The Business Year

Chairat Panthuraamphorn

THAILAND - Health & Education

Keeping People Alive

Managing Director & CEO, Samitivej Hospitals


Dr. Chairat Panthuraamphorn is Managing Director of Samitivej Hospitals, responsible for seven hospitals (Samitivej and BNH group of hospitals). He joined the group in 2005 as Deputy Hospital Director of Samitivej Sriracha Hospital. In 2012, he was appointed Deputy CEO and was later promoted to Managing Director and CEO in early 2014.

TBY talks to, Dr. Chairat Panthuraamphorn, Managing Director and CEO of Samitivej Hospitals, on expanding, new projects, and key trends in the Thai market.

What have been some of the recent major developments at Samitivej Hospitals?

Our hospital was founded in 1979, and is today considered one of the leading private hospital groups in Thailand. In fact, our flagship facility, Samitivej Sukhumvit, located on Sukhumvit Soi 49, is recognized as one of the most advanced private hospitals in Southeast Asia. Despite this, since our founding, we have always looked to expand our services and have added five more hospitals: Samitivej Srinakarin in eastern Bangkok, Samitivej Sriracha in southeastern Thailand, Samitivej International Children’s Hospital in Bangkok, Samitivej Thonburi in western Bangkok, and Samitivej Chonburi north of Pattaya. Moreover, by expanding we have not only widened our presence, we have also looked to deepen our services and ensure they meet the highest international standards. Healthcare, more than any other sector, demands the highest service quality because our job is to keep people alive. This goes for our machinery, our doctors, other medical staff, and generally, our overall operations.

The group is reportedly eyeing further expansion in the ASEAN region. What will the recent integration of the AEC mean for this strategy?

We have a joint venture with a reputable hospital in Yangon, Myanmar, who is our strategic partner. We have set up a clinic in the hospital; however, recently we chose to further boost our presence there and decided to set up a new building that we expect to open soon. The AEC has simply allowed us to broaden our market and horizons. Thailand has a population of 60 million; however, if we expand our vision to ASEAN, we are open to a market of over 620 million people. In addition, Thailand is renowned for its highest standards of medical facilities and service qualities, more so than any country in the region, and is also approximately 30% cheaper than Singapore. Patients recognize this and it is up to us to seize this opportunity and make the most of the growing regional connectivity. To add to this regional dimension, we are currently building a new eight-story children’s hospital specializing in newborns in Bangkok. Part of the reason is that we know that such facilities are severely lacking in countries like Myanmar and Vietnam. People are aware of our expertise in these fields, and we are confident that this facility will become one of the leading specialized children’s hospitals in ASEAN.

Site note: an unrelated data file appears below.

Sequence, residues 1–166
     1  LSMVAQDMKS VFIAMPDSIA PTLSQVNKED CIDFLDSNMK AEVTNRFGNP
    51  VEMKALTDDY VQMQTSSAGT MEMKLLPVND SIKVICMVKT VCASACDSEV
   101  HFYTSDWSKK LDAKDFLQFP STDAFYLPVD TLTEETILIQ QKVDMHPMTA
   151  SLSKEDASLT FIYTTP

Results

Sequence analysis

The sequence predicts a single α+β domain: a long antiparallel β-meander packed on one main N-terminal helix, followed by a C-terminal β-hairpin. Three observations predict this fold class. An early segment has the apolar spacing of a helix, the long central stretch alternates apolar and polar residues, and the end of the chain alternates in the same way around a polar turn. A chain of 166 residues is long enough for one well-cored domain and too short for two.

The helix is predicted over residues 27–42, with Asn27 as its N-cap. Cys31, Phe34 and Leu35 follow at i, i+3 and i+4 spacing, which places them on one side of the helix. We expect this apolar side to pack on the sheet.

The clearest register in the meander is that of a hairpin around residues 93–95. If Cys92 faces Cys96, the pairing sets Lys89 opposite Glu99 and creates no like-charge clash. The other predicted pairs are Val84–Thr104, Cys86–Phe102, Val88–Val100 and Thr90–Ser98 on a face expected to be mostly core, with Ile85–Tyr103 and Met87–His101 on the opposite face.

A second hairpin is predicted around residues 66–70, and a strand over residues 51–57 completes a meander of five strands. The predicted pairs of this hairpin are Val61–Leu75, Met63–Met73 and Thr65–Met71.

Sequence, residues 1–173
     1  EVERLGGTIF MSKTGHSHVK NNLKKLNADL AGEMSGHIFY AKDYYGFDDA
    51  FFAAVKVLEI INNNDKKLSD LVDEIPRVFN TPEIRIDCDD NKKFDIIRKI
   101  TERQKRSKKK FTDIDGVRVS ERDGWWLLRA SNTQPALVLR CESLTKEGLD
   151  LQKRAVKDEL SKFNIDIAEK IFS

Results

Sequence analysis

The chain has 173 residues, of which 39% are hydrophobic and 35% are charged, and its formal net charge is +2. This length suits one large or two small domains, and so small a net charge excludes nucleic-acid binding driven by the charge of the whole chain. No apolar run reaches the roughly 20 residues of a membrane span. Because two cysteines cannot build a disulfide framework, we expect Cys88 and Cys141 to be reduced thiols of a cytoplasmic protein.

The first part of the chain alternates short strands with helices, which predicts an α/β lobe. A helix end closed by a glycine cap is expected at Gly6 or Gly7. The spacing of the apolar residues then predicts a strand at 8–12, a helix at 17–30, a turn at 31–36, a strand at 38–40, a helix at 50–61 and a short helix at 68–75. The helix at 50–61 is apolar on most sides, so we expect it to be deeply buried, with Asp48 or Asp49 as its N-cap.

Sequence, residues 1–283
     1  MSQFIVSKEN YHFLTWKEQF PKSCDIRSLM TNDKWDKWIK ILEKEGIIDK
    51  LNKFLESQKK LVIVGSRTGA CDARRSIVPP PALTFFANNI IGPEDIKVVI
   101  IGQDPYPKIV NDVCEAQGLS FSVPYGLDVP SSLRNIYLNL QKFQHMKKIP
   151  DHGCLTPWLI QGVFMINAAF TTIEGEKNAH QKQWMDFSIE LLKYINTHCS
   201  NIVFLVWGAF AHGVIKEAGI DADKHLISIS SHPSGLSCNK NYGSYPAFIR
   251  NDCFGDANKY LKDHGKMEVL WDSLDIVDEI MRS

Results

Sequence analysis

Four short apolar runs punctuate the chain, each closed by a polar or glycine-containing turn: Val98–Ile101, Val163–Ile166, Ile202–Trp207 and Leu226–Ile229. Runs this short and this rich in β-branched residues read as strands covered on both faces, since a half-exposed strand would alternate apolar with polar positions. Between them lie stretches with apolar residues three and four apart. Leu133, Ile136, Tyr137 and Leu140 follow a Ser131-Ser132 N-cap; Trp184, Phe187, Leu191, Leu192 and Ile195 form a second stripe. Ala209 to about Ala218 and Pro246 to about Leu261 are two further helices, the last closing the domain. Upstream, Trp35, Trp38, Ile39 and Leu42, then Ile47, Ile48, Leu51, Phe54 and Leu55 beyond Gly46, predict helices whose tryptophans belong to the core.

What are some of the key recent trends in Thailand’s health sector?

Our aging population is an important factor, as is the case in every country. We have to look carefully at how to help the aging people in this country and are also focused on geriatric care here at Samitivej. We have a geriatric center in Bangkok, which we are upgrading to provide more holistic, full services to our patients. Medical tourism is a major revenue generator for Thailand and this is another important trend to note. In the coming years, we expect an even stronger influx of patients from the region, specifically CLMV countries. We hope to also set up a center of excellence to study in more detail the health problems arising in the region and to look at how our specialized expertise in certain fields can meet these demands.

How would you describe Samitivej’s growth strategy going forward?

Our current revenue lies at around THB15 billion per year, and in the first five months of 2016 we have already seen growth of 10%. In line with the trends mentioned and our strong position within both the domestic and the international markets, the future is bright for Samitivej. A final note to make is that going forward we will also look more into introducing preventive measures. It is not about only receiving patients when they are ill—we invite them for regular checkups to ensure that illnesses are detected early on and prevented. This is the key to a healthy society.



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